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Time series regression for counts allowing for autocorrelation in air pollution studies using Stata

Speakers  Aurelio Tobias, Institut Municipal d'Investigacio Medica
Michael J. Campbell, Northern General Hospital

Usually the analysis of epidemiological time series data consisting of counts requires Poisson rather than linear regression. To study the short-term effects of air pollution on health different techniques based on time-series methodology and others on linear and nonlinear regression have been used.

A main objective of the APHEA project (Katsouyanni, et al. 1995) was to develop and standardize a methodology for the detection of short-term effects of air pollution on health using epidemiological time series. Since the dependent variable, such as daily mortality, is a non-negative count, a Poisson regression was used. The model assumes

where is the matrix of predictor variables on day t with regression coefficients , is the number of deaths on day t, and E denotes the expected value. Time series data usually contains autocorrelation between the observations. The presence of autocorrelation is often an indication of incomplete or inadequate model specification since the reason for autocorrelation of the deaths is because they are conditional on autocorrelated predictor variables. If the model were correct, the residual autocorrelation should be minimal since one death does not cause another. Thus residual autocorrelation maybe implies confounding of air pollution associations due to unmeasured or mismodeled variables. The solution proposed in APHEA project was to include a specification of the autocorrelation in the model, and from this, standard Poisson regression needs to be modified. Following Schwartz et al. (1996) Poisson regression with autocorrelated residuals is suitable to analyze time studies controlling for autocorrelation. In this model the covariance matrix is defined as follows:

where is the classic Poisson covariance, is the overdispersion parameter estimated from the residual using McCullagh and Nelder's method (1989), R is an autocorrelation matrix, and when k = 0 and 0 otherwise.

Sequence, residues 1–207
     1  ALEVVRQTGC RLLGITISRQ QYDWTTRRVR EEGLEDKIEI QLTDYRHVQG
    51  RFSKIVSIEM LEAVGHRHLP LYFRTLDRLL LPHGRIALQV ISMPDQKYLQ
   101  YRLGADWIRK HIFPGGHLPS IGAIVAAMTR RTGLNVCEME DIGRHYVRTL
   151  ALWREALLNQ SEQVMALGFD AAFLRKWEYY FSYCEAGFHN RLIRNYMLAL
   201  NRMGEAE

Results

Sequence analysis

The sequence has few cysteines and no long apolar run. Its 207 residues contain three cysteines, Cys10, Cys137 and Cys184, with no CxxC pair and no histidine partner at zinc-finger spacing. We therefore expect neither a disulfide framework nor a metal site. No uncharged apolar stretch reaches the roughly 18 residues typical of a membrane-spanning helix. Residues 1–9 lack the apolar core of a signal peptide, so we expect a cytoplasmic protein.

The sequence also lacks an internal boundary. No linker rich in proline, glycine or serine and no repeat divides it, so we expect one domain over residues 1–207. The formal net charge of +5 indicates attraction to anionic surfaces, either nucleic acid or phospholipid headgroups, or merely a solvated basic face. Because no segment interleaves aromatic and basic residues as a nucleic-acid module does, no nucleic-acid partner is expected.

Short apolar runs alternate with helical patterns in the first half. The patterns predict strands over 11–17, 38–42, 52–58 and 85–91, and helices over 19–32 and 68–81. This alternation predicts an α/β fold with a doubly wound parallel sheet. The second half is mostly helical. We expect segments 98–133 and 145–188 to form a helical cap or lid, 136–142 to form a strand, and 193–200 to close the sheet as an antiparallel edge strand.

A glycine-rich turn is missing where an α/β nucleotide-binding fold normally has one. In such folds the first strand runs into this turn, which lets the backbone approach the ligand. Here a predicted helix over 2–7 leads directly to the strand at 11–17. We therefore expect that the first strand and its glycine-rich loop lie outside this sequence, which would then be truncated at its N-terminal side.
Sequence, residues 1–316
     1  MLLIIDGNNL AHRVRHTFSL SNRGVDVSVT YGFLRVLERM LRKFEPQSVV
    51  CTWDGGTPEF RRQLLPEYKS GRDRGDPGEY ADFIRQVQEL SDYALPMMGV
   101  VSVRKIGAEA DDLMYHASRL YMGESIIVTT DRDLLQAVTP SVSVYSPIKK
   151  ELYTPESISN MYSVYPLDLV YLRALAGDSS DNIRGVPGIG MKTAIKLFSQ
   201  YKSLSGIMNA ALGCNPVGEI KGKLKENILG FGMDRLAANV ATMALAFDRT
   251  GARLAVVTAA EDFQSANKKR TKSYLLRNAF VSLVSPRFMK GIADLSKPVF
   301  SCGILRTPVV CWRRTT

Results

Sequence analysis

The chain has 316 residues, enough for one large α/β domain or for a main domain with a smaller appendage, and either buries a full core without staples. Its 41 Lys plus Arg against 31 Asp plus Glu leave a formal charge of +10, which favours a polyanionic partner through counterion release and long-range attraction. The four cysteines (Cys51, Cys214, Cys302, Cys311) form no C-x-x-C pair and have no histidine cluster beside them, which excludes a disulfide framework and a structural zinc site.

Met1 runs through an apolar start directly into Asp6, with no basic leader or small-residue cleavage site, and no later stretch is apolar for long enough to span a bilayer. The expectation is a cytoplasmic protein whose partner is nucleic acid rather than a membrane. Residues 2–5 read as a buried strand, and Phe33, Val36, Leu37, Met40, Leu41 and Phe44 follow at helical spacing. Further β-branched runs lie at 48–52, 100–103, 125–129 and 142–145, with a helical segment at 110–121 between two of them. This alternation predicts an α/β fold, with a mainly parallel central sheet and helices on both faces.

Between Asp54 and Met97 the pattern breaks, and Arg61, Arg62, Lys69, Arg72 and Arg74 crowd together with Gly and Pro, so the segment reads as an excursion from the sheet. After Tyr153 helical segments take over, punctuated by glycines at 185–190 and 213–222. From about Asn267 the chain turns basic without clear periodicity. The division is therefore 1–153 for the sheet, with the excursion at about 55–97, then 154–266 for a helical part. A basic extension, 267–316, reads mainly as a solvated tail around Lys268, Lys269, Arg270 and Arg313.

The code in arpois.ado fits this Poisson autoregressive model. Two types of autoregressive terms are allowed to be included in the model: studentized residuals

where , or lagged values of the dependent variable

The order of the autocorrelation could be empirically estimated examining the autocorrelation function plot. This option has been included in the code using the acplot.ado file developed by Cox (1997).

However, it should be recognized that these models could be may lead to instability of the estimated associations because the high day to day correlation of air pollution exposures. The inclusion of autocorrelation terms in the model is generally felt to produce a conservative estimate of the pollution effect size and standard error (Brunekreff et al. 1995).

References

Brunekreff, B., et al. 1995.
Epidemiologic studies on short-term effects of low levels of major ambient air pollution components. Environmental Health Perspective 103 (Suppl 2): 3–13.
Cox, N. 1997.
Stata module to plot the autocorrelogram. http://ideas.repec.org/c/boc/bocode/s320302.html.
Katsouyanni, K., et al. 1995.
Short-term effects of air pollution on health: a European approach using epidemiological time series data. Eur Repir J 8: 1030–1038.
McCullagh, P. and J. A. Nelder. 1989.
Generalised Linear Models. 2d ed. London: Chapman and Hall.
Schwartz, J., et al. 1996.
Methodological issues in air pollution studies and daily counts of deaths or hospital admissions. J Epidemiol Community Health 50 (Suppl 1): S3–S11.
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